With security a necessity for many American companies, an ever-increasing number of businesses are turning to private firms for safety, surveillance, and loss prevention efforts. However, the nature of security work leaves privately hired guards particularly vulnerable to federal minimum wage and overtime violations.
Private security guards are hired to protect people and property from activities such as trespassing, theft, vandalism, or bodily harm. Typical job duties include monitoring video surveillance cameras, observing entrances and exits, making rounds, investigating suspicious activity, and writing reports. Depending on the assignment, guards may work in uniform, plainclothes, or both.
The Fair Labor Standards Act (FLSA) requires private security firms to pay their guards at or above the federal minimum wage of $7.25/hour. The guard cannot be required to pay for his or her uniform, gun, whistle, belt, or tools if the cost results in a pay rate below minimum wage.
The FLSA also requires private security firms to pay their guards overtime at one and one-half times their regular pay rate for all hours over 40 worked in one week. The hours cannot be averaged over a two week period, and hours worked by security guards in more than one post in the same week must be counted together for overtime purposes. If a guard is assigned to more than one job site, travel time between sites must also be treated as hours worked.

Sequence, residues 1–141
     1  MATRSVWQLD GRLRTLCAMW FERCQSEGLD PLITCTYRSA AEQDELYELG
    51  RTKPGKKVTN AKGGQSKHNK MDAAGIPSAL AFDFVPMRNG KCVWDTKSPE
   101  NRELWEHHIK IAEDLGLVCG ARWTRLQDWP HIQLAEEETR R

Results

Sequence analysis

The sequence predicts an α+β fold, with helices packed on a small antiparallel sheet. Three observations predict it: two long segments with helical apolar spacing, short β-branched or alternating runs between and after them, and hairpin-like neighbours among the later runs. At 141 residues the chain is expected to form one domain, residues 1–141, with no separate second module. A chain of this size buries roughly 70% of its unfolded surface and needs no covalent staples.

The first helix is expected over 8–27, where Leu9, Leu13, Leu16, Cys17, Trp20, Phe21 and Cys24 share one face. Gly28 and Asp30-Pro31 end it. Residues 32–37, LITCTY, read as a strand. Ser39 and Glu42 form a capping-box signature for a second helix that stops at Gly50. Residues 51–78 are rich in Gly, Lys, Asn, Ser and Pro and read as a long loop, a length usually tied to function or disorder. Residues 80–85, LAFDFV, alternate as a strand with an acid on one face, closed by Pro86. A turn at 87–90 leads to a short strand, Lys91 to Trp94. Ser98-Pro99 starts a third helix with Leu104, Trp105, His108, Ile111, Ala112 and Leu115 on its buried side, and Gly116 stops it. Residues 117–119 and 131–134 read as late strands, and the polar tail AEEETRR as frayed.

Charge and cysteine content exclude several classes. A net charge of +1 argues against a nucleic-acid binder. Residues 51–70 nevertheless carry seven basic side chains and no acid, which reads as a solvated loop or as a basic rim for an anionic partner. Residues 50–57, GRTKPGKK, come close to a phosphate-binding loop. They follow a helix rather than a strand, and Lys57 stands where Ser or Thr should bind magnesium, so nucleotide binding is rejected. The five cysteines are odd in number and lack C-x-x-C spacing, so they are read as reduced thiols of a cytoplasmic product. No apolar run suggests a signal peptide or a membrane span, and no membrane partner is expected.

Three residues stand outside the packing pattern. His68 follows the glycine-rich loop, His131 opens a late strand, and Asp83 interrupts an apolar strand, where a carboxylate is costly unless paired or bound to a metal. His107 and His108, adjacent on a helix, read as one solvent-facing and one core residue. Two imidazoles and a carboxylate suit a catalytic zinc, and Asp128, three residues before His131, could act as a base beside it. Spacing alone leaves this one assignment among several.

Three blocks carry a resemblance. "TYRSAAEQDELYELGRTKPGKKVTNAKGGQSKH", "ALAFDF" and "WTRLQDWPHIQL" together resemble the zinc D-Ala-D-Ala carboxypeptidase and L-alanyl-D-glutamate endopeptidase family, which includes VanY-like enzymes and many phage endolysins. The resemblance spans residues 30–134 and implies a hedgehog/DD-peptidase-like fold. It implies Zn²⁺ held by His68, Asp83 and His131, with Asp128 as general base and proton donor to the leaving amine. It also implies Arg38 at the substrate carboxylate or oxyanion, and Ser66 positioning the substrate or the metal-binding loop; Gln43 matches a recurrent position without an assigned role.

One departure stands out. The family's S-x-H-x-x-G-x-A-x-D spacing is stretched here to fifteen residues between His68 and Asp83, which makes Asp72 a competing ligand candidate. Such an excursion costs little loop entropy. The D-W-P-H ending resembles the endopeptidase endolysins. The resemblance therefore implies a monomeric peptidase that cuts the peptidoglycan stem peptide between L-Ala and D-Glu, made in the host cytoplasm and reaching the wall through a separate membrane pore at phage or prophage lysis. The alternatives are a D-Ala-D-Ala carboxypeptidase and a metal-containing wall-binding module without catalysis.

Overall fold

Finally, private security firms are required to maintain records of all hours worked by its guards on a daily basis. Employers sometimes try to avoid paying overtime by hiding their guards’ overtime hours under the guise of “expense payments.” This practice is illegal.
For example, a federal lawsuit was recently filed against Courtesy Professional Security, Inc., a Florida-based private security company operating in the Orlando metropolitan area. The plaintiff, a security guard paid at an hourly rate of $11.00, alleges that he worked as many as 54 hours in one week, but never received overtime pay at all during his one year of employment. Instead, Courtesy altered the guard’s timesheets by deleting extra hours worked to avoid paying overtime, the suit alleges.
Employees often experience similar wage and hour violations such as the ones described above. If you believe you are not being paid the wages to which you are entitled, contact an experienced FLSA attorney to discuss what options may be available to you.